Editor’s note: Next week, many Americans will gather together to celebrate Thanksgiving. This holiday has become as much about food as it is about giving thanks. In preparation, we are reprinting some thoughts about food and justice from our archives.
Food justice is a topic inextricably linked to the theme of Rachel Marie Stone’s new book, Eat With Joy: Redeeming God’s Gift of Food, which explores the journey towards “eating like a Christian.” Stone approaches food holistically, tackling issues such as the health and perception of our bodies, ecological concerns and sustainability, care for our neighbor, and the spiritual practices related to food and community. The book’s chapters focus on viewing food as a gift from God, the importance of giving food to others, the significance of shared meals, how to view food as a part of a picture of sustainability, how to glorify God in cooking and eating, and, finally, how to wrap it all up in joy.
It is a spiritual practice to acknowledge with gratefulness the gift of food and to enjoy the act of partaking of its plethora of tastes and textures.
It is a spiritual practice to acknowledge with gratefulness the gift of food and to enjoy the act of partaking of its plethora of tastes and textures. Stone proposes that the practice of eating with joy be matched with a “redemptive” eating focus that seeks to acknowledge the way our food choices impact the earth and the food available to others. Examples such as knowing the farmers who produce your food, opposing political and profit-driven plans that actually reduce the amount of food available to hungry people, and working to minimize the amount of food waste are all practical steps towards becoming a “redemptive eater.”
As someone who has long been interested in the often volatile relationship humans have with food and the way it impacts how we see ourselves and those around us, I had been looking forward to reading Stone’s book. I was not disappointed. She does a good job of talking about our bodies and health without falling into the trap of advocating a certain “perfect” body type. This book is also, thankfully, not a “devotional diet” book. I was happy to see her acknowledgement early in the book that the church as a whole has done little to combat (and at times has enabled) the damaging lies the media tells us about food’s relationship to our body.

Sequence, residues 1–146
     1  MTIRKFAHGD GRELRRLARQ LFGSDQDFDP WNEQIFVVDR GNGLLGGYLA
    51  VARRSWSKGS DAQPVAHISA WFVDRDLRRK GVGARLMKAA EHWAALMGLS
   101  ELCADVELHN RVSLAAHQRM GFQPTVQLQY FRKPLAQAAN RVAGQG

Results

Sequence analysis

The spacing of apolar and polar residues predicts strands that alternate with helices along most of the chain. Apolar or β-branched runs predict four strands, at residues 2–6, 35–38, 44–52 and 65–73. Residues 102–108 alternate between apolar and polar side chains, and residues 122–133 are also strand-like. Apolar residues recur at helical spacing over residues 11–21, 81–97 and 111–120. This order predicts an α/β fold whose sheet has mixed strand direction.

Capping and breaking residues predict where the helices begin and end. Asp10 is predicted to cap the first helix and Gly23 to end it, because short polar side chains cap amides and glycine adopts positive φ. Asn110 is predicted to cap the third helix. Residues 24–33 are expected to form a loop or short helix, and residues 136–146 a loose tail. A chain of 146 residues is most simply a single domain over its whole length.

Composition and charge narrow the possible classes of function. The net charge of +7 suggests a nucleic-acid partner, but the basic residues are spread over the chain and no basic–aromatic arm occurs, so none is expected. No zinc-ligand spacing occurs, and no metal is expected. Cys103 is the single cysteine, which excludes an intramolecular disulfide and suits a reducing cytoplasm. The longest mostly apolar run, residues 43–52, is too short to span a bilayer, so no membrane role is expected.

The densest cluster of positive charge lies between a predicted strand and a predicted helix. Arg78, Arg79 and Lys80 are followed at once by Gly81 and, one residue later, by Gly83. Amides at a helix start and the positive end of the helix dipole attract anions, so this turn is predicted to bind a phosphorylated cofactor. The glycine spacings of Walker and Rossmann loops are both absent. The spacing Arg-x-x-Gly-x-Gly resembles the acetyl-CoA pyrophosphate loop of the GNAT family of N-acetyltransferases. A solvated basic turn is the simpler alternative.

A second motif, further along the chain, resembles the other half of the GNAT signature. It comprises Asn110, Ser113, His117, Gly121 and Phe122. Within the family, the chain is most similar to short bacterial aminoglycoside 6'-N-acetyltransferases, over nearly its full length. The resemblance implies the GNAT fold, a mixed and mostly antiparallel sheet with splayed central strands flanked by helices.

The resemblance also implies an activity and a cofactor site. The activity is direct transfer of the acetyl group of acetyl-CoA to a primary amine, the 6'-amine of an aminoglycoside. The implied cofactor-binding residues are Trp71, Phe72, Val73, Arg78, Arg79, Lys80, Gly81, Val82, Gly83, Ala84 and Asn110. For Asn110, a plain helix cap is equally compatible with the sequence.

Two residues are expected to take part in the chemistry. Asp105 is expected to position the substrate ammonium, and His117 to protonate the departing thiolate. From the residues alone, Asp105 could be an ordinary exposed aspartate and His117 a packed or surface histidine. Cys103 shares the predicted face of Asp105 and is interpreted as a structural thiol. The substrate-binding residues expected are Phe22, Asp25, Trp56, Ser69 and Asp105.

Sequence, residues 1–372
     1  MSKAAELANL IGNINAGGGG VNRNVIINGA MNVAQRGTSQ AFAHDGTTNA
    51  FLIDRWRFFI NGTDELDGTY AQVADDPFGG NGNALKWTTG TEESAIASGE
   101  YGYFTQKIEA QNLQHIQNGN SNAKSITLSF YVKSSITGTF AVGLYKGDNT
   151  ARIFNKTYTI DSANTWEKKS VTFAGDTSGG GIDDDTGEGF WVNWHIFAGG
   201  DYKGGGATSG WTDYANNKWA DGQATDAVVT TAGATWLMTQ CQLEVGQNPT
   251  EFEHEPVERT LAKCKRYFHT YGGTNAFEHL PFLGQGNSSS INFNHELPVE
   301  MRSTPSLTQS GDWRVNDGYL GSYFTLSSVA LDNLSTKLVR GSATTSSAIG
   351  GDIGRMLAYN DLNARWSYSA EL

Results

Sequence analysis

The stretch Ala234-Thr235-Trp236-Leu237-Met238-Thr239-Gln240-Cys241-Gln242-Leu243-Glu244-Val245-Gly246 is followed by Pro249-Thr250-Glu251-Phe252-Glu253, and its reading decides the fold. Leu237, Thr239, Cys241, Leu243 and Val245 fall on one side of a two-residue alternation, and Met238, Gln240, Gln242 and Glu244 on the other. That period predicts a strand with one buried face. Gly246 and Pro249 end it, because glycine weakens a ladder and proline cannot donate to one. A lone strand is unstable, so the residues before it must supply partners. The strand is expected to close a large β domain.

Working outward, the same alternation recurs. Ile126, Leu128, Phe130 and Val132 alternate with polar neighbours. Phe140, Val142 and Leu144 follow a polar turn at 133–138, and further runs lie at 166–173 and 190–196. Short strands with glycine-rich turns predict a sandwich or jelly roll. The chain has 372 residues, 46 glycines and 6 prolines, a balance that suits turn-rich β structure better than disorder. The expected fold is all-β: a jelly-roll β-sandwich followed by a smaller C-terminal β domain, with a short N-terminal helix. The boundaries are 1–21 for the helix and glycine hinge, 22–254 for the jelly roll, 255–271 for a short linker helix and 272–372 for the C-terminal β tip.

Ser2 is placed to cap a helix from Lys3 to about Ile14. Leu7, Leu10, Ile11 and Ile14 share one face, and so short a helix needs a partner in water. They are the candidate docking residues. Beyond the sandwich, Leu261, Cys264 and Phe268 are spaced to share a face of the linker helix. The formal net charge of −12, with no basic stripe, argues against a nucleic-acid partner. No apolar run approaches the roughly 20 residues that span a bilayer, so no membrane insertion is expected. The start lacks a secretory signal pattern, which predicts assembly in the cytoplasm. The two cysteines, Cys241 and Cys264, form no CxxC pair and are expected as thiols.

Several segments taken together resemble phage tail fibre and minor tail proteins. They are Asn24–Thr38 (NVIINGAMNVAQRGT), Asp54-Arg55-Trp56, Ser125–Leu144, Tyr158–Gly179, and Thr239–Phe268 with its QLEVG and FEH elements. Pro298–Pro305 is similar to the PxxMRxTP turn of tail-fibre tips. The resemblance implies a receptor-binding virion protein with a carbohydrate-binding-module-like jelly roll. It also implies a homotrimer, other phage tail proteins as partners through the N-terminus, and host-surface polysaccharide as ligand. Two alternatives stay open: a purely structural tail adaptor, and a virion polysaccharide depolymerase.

One of the things I appreciated the most about the book is the inclusion of prayers and “points for action” at the end of each chapter. Stone provides tools for meaningful ways to integrate eating with joy into a daily practice. Especially refreshing is her honesty throughout the book in acknowledging that to eat with joy with a mind towards justice is not easy. Once you start looking into the food injustice in the world, it seems impossible to remove yourself entirely from complicity. The action points and blessings are starting points to work towards justice and joy in regards to food.
…to eat with joy with a mind towards justice is not easy.
It would be easy to say that Stone’s book is a great read for anyone who eats; however, in an effort to narrow the audience a bit, I will say that it is a book beneficial to people interested in the way we eat and how we eat. Those who have a history of navigating the waters of body image and its connection to food and Christian faith will find the book especially meaningful.
J. Nicole Morgan lives near Atlanta, where she works for a non-profit trying to make the world a bit more just and peaceful. She loves to spend her free time thrifting, sewing, and hanging out with her nieces and nephew. She is the author of Fat and Faithful: Learning to Love Our Bodies, Our Neighbors, and Ourselves.